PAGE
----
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  • Byval/ByRef in DECLAREs

    When declaring functions in external DLLs (in this case the Win API) using the DECLARE statement, is it required that
    I spell out the parameter passing function or can I leave the parameter list 'generic' and use BYVAL/BYREF when I
    actually call the function? IOW, can my declare be:

    Declare SomeSub Lib "External.Dll" (Param1 as DWord, Param2 as Long, Param3 as SomeUDT)

    and then in code:

    SomeSub BYVAL Param1, BYREF Param2, BYREF Param3 ' UDTs can only be passed BYREF

    Granted, it's cleaner syntax to define the passing method in the DECLARE, but when debugging it's easier to just change
    the actual call.

    Sorry if this is covered in the docs, but I spent the afternoon trying to get a <expletive deleted> WinAPI function to
    work right, without much success. It's still bugging me, so I thought I'd post from home in the hope that
    I'll forget about it and not have any API nightmares.

    Thanks!



    ------------------
    Mark Newman
    Mark Newman

  • #2
    If you declare all parameters as BYREF (the default), then the compiled code will be constructed to expect to receive pointers to the actual data. Likewise, if you specify BYVAL, the actual values will be expected, not pointers to the values.

    When you pass parameters from the calling code with an *explicit* BYVAL, you effectively switch off type-checking by the compiler for that parameter.

    Now, if the called code expects a pointer (say, to a LONG), and you pass a BYVAL LONG from the calling code, the called code will receive an absolute LONG value, not an address of a LONG value. This will almost certainly earn you a GPF when the absolute LONG value tries to be used as a pointer address to a LONG.

    Essentially, declarations and sub/function prototypes are an important part of any program - they tell the compiler what sort of parameters the sub/function is going to be passed and how they should be passed. If you specify the wrong passing methods, you'll have to handle all of the type checking yourself (and get it right), which may add significant overhead to your development time.

    Therefore, if the compiler offers parameter type-checking, why not use it?

    May I suggest that you review the documentation that discusses BYVAL, BYREF and BYCOPY parameter passing - once you understand those methods, you'll understand how you can handle parameter passing.

    I hope this helps!


    ------------------
    Lance
    PowerBASIC Support
    mailto:[email protected][email protected]</A>
    Lance
    mailto:[email protected]

    Comment


    • #3
      Thanks Lance!

      I don't have PB installed at home so I can't look over the docs.
      I'm just trying to 'get my mind straight' and develop a plan of
      attack for Monday morning. Here it is Saturday afternoon & I'm
      still bugged by the problem, which violates my 'leave work at work'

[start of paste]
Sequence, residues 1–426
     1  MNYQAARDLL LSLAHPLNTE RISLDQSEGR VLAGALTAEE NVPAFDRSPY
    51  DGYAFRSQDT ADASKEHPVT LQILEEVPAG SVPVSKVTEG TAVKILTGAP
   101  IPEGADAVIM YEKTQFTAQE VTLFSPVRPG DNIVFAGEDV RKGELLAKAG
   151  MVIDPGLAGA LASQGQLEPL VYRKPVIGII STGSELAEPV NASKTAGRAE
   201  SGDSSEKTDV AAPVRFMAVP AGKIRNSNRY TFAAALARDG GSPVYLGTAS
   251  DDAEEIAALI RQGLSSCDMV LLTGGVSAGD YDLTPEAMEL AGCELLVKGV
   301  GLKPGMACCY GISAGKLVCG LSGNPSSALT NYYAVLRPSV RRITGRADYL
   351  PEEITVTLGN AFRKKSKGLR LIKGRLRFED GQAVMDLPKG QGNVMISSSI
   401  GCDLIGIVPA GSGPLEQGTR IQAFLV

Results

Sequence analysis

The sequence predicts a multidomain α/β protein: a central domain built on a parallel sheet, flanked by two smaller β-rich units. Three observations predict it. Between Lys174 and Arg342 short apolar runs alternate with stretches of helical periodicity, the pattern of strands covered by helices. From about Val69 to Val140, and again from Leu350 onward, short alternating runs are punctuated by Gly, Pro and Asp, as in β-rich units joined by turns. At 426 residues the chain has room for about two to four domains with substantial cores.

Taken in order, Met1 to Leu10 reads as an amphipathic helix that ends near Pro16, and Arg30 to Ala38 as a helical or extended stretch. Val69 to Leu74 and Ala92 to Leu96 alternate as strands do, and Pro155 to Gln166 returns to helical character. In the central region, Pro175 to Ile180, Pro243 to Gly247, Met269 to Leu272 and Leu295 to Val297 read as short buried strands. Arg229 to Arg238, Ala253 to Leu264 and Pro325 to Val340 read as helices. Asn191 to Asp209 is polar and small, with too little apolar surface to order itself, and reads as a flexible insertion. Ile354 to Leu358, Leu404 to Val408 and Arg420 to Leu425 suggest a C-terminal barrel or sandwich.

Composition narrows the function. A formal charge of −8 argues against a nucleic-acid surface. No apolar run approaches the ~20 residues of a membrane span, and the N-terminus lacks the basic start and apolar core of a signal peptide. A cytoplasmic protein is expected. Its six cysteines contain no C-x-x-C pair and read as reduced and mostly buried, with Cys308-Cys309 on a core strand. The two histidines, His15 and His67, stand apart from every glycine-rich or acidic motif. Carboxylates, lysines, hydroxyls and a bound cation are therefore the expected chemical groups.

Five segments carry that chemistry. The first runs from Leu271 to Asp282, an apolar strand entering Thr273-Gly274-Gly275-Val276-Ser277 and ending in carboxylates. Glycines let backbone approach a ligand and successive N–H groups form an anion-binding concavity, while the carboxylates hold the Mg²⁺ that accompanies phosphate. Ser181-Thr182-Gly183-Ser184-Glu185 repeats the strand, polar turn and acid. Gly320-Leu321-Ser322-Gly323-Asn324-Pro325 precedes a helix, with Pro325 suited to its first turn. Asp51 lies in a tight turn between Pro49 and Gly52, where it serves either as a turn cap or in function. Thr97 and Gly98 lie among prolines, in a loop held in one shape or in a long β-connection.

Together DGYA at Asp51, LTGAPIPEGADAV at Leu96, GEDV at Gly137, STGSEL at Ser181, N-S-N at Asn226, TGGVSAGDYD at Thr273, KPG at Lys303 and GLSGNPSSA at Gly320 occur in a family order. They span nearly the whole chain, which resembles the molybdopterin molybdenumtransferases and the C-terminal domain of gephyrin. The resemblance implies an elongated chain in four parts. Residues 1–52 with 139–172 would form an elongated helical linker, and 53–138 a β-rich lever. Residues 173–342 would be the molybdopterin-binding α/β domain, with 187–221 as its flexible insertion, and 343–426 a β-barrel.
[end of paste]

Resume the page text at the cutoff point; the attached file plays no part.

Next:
policy.

      First thing I'll check is my declares of the WinAPI functions to
      make sure I've got them right. They're mostly DWORDs and UDTs, but
      in some functions they're passed BYVAL, in others the function wants
      a pointer to them. I suspect I've got a few mixups.


      ------------------
      Mark Newman
      Mark Newman

      Comment


      • #4
        Mark, since many API function declarations exist in the WIN32API.INC and related .INC files, it makes sense to use those rather than rewrite them from scratch.

        I often see folks move code from VB to PB and then battle against the VB declarations. The VB declarations often need some translation due to the way VB handles passing strings BYVAL to DLL's, etc.

        In these cases, I usually suggest that the entire VB declaration section be dropped, and replaced with one line of code:
        Code:
        #INCLUDE "WIN32API.INC"
        I hope this helps!

        ------------------
        Lance
        PowerBASIC Support
        mailto:[email protected][email protected]</A>
        Lance
        mailto:[email protected]

        Comment


        • #5
          When you pass parameters from the calling code with an *explicit* BYVAL, you effectively switch off type-checking by the compiler for that parameter.
          That statement, exactly as written, should be in the documentation for the CALL verb. (and maybe in that for FUNCTION and SUB as well).

          MCM


          Michael Mattias
          Tal Systems (retired)
          Port Washington WI USA
          [email protected]
          http://www.talsystems.com

          Comment


          • #6
            Lance,

            Oooh, how I wish that WIN32API.INC had these declares! I'm using functions in the SETUPAPI.DLL
            and HID.DLL (HID refers to "Human Interface Device", which could be a keyboard, mouse, joystick,
            gamepad, etc.) libraries to interface with some USB devices. The SETUPAPI.DLL functions are
            documented quite well in MSDN, but there's only the slightest mention of HID and no function
            documentation. I do have a Windows driver book that covers HID some, so I know what the functions
            are doing, but of course all the source is in C.

            It's especially frustrating since I've had a good amount of success with PB of late, recently
            completing a suite of 8 engineering test programs that helped us test & ship a new product on
            a very tight schedule. I actually enjoyed distributing the apps via email: "Just copy the attached
            exe and run it". No VB runtimes, no DLL Heck!

            But these dang C-porting projects are going to have me pushing up daisies before too long!

            Thanks!


            ------------------
            Mark Newman
            Mark Newman

            Comment

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